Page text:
The impact of the economic climate in Glasgow is one that many communities probably share.  We applaud the continuing emphasis on lifelong learning, capacity building, and well-being but will watch with curiosity to see the effects of the more "integrated" delivery approach over time.  As compelling as efficiencies and cost-savings can be (and we are probably all feeling the pressure to achieve them in one way or another), they may come at a price in terms of partnerships, client service, and creative freedom and innovation.  We will watch with curiousity how the Glasgow Museum and Glasgow Life are able to manage this dynamic.



Public service budgets serving the public not organisations?

The Glasgow paper highlights the importance of a culture (organisational) change that it proving veru difficult, namely, public organisations understanding their place, and that of their individual budgets, in the totality of public service. The integrated delivery that Stacey refers to, is indeed compelling, however, this can evaporate very rapidly behind closed doors when organisations are striving to become leaner. The tendency to deliver that which is a core service can easily take precedence over an altruistic approach to partnership in which public services would say, 'we aren't best placed to be doing x, why not you do it and here's our share of the money.'

At times of greatest financial constraint, leaders of organisations ought to be more creative than ever, thinking the unthinkable and taking the generational view rather than that of the short-term.

Perhaps we need to understand better the toatality of public spending and activity in order to be able to discuss the budgets of museums in the same same breath as that of hospital, schools, social services and policing.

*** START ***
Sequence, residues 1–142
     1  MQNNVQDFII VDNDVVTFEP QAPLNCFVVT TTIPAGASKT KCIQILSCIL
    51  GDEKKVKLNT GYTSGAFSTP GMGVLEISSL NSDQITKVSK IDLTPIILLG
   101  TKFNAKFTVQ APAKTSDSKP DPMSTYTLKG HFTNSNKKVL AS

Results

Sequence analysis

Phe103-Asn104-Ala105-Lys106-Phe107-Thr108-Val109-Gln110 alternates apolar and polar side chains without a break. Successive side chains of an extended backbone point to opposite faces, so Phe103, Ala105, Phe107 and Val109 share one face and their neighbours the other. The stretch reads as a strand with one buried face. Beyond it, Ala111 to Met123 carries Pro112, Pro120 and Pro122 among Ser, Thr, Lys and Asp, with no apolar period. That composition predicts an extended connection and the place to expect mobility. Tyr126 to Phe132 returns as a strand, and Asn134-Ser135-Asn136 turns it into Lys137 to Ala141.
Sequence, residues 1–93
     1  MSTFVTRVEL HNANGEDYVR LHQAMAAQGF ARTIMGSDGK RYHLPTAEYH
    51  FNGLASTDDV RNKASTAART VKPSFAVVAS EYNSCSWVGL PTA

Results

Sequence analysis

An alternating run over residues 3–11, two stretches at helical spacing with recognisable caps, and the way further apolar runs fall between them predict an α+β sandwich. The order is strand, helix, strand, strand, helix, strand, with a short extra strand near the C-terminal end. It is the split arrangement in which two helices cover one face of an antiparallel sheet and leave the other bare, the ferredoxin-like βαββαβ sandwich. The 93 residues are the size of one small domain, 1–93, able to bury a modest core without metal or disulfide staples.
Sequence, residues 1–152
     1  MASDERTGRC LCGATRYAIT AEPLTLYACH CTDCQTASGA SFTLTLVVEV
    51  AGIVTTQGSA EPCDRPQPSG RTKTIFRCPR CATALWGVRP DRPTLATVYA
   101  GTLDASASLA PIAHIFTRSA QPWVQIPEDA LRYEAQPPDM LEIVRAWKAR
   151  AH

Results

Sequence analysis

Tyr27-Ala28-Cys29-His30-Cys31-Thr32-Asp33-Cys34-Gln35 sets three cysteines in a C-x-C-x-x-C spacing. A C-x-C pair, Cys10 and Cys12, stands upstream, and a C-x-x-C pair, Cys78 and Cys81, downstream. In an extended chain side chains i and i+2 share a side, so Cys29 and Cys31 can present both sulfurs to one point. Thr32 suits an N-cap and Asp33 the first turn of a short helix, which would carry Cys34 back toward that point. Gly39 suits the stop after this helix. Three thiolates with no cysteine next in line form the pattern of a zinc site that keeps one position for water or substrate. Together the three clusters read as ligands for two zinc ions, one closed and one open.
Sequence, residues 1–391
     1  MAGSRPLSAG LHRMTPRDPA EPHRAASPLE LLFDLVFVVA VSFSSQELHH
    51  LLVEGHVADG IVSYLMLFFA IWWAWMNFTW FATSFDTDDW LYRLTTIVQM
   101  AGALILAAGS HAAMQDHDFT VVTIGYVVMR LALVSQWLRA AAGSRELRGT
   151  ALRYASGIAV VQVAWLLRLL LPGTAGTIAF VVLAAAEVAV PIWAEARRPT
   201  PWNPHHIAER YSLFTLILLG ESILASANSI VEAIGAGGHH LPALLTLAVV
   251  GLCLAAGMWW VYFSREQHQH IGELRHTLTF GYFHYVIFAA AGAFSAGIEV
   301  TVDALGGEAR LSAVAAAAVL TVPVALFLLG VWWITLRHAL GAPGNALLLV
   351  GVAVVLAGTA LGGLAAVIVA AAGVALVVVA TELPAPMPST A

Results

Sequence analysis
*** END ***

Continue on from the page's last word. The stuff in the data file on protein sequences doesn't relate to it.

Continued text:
Intolerance and the experience of the Museum of Religious Life

Further to your question Janice on museums challenging prejudice and intolerance, what has been the experience of Glasgow's Museum of Religious Life and Art? Has there been any evaluation of its impact? What have been the responses of visitors?

St Mungo Museum of Religious Life adn Art - some experiences

hi - interesting question and I would like to hear more form other poeple's work around challenging prejudice through museums.  I'll give quite a long answer as the Museum's expereinces cover nearly 14 years and a range of different experiences and initiatives. Since its opening in 1993, the museum has actively fostered and supported interfaith and inter - religious movements and dialogue. For example the Museum was home to the Scottish Interfaith Council (SIC) in its early days. We were then part of Glasgow City Council (GCC) department, Cultural and Leisure Services offered administrative space to the SIC within St Mungo Museum. SIC is still in operation but is now based elsewhere in the city.